U.S. seeks Fonseka testimony on 'rights abuses'

Sri Lanka Chief of Defence Staff (CDS) Sarath Fonseka, currently on a private visit to the U.S., has written to the Sri Lankan Mission in Washington saying that he has been asked by American officials to give evidence against Defence Secretary Gotabhaya Rajapaksa over alleged human rights abuses in the island nation during the recent anti-LTTE war, the English paper Daily Mirror said in a report posted on its website on Sunday evening.

A 68-page report submitted by the U.S. Department of State to Congress on October 22, detailed allegations of “atrocities” by both the military and the Liberation Tigers of Tamil Eelam cadres during the final stages of the war.

The report contains a reference to Gen. Fonseka. It says: “A media outlet reported on July 18 that at a celebrity event in Ambalangoda, Army Chief General Sarath Fonseka stated that the military had to overlook the traditional rules of war and even kill LTTE rebels who came to surrender carrying white flags during the war against the LTTE.”

Quoting an unnamed ‘highly placed diplomatic source,’ the paper said two U.S. officials had contacted the CDS on his son-in-law’s telephone to make the request.

Sri Lanka Foreign Minister Rohitha Bogolagamma is scheduled to hold a news conference here on Monday on the ‘recent developments’ including the U.S. request to Gen. Fonseka.

A senior official in the Foreign Office, when approached by The Hindu to comment on the newspaper report said, “We have nothing to say at the moment. All issues would be cleared at the press conference of the Foreign Minister.”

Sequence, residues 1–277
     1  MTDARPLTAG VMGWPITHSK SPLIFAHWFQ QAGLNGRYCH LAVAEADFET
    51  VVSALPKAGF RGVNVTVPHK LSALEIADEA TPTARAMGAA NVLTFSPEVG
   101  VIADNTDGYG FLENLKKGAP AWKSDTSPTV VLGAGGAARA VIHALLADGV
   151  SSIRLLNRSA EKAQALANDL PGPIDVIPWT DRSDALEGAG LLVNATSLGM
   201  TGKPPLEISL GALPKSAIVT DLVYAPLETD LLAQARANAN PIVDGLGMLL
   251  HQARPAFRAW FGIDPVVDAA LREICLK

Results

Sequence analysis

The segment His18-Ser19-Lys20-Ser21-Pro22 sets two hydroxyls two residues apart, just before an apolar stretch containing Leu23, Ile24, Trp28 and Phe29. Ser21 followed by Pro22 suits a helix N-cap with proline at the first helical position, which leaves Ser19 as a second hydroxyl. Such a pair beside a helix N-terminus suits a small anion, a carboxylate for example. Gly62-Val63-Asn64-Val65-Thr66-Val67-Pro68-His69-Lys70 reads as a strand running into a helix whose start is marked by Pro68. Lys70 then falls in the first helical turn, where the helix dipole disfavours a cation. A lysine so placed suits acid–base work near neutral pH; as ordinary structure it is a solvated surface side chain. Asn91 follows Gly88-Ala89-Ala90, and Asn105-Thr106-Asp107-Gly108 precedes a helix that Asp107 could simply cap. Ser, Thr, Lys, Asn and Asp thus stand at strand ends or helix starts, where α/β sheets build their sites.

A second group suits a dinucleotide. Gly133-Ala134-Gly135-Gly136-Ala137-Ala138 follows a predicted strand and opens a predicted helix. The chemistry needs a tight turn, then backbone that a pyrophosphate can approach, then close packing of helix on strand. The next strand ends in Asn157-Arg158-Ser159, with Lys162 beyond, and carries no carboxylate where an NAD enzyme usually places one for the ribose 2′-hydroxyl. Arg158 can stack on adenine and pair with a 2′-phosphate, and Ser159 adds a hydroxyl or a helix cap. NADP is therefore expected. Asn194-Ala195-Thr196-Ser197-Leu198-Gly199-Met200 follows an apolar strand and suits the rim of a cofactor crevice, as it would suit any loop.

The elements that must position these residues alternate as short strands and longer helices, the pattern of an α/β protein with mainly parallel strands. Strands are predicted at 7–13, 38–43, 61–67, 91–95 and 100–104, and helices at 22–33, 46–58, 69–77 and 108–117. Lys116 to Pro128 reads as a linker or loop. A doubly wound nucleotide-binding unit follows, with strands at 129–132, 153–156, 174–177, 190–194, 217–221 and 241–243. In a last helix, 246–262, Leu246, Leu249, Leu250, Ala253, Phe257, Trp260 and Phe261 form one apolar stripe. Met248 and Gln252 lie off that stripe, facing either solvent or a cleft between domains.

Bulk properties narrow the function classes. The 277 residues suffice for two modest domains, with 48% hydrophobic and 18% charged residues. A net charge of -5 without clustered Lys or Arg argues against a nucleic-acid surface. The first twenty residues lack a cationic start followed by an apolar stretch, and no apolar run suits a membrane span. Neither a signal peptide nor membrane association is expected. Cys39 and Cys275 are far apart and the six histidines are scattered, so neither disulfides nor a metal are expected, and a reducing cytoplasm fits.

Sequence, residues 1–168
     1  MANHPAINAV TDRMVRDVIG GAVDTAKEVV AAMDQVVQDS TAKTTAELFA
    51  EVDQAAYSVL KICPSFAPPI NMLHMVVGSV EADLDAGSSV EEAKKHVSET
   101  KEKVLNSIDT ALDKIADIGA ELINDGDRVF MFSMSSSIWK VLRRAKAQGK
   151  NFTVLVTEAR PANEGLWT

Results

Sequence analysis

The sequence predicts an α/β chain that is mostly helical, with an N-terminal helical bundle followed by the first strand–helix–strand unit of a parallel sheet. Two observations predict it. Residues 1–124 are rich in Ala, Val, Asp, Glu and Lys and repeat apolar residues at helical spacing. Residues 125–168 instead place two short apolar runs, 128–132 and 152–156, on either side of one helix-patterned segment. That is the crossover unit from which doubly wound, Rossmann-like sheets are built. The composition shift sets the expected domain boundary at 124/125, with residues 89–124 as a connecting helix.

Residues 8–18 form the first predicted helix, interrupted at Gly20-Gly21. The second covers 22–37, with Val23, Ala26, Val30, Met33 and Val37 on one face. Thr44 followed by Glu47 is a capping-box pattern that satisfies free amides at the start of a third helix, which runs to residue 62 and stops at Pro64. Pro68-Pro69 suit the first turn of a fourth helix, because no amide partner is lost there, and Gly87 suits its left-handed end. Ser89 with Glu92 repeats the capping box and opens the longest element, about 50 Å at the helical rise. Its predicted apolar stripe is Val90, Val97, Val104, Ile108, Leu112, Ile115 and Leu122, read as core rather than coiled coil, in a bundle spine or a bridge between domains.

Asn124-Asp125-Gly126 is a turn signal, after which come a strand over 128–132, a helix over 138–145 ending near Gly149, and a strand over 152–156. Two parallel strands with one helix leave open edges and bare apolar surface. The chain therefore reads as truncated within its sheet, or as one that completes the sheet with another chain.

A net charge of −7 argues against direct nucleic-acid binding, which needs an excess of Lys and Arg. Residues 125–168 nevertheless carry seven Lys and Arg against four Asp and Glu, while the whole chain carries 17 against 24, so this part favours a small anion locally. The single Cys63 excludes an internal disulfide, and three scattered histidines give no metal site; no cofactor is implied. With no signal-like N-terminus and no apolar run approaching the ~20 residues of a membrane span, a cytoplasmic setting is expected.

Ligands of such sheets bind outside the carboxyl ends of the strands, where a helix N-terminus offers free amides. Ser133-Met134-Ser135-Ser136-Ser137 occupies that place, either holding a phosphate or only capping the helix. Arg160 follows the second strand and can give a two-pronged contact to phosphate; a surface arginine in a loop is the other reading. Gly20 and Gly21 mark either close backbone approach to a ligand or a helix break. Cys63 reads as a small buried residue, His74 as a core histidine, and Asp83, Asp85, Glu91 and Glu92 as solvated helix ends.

Gen. Fonseka, who led the Eelam War IV from August 2006 to May 2009, has been the focus of attention of Sri Lankan Opposition parties and the media as a possible combined nominee of the Opposition against the Sri Lanka President Mahinda Rajapaksa.

Colombo-based English weekly Sunday Times, in a front page report said that Gen. Fonseka has been told to face a “voluntary meeting” with the Department of Homeland Security in connection with the recent State Department report to the Congress on the war against the LTTE which concluded in May.

“Reports reaching the highest levels of the Government say U.S. Department of Homeland Security officials want to interview him on Wednesday [November 4] in Tulsa, Oklahoma. Gen. Fonseka, who is a U.S. Green Card holder, has a residence in Oklahoma. His visit is in connection with renewing his Green Card which affords him residency in the U.S. This is a prelude to U.S. citizenship.

“He had already sought legal advice from Fred Fielding, a former White House Counsel to late Presidents Richard Nixon, Ronald Reagan and former President George W. Bush. His lawyer had advised that the CDS should face the meeting and answer all questions truthfully.

“Thereafter, according to highly placed Government sources in Colombo, Sri Lanka’s Ambassador who learnt of the U.S. move, mobilised lawyers from Patton Boggs, the law firm hired by the mission for lobbying and promotional work, to fly to Tulsa. Gen. Fonseka has agreed to drop lawyer Fielding from representing him and to retain the services of Patton Boggs,” the weekly said.

It went on to add that it was not immediately clear whether Patton Boggs lawyers would advise Gen. Fonseka to claim diplomatic immunity and turn down the interview request or ask him to respond to questions from officials of the Department of Homeland Security.

The involvement of the firm itself has become a knotty legal issue after it was pointed out that it also represents the Government of Sri Lanka.

Gen. Fonseka and his wife Anoma left for the U.S. on October 23. Their visit was originally expected to be partly official. However, the official part of the visit which included an invitation to the U.S. Pacific Command in Hawaii for farewell ceremonies to its commander Admiral Timothy J. Keating, was later withdrawn in the light of the release of the State Department report to Congress.

Last Monday, Gen. Fonseka and his wife took part in religious ceremonies at the Washington Buddhist Viharaya. A meeting that day with U.S. Ambassador to Sri Lanka, Robert Blake, did not materialise reportedly because the Assistant Secretary was ill. Later, Gen. Fonseka and his entourage flew to Oklahoma.

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Printable version | Nov 27, 2021 8:15:19 AM |

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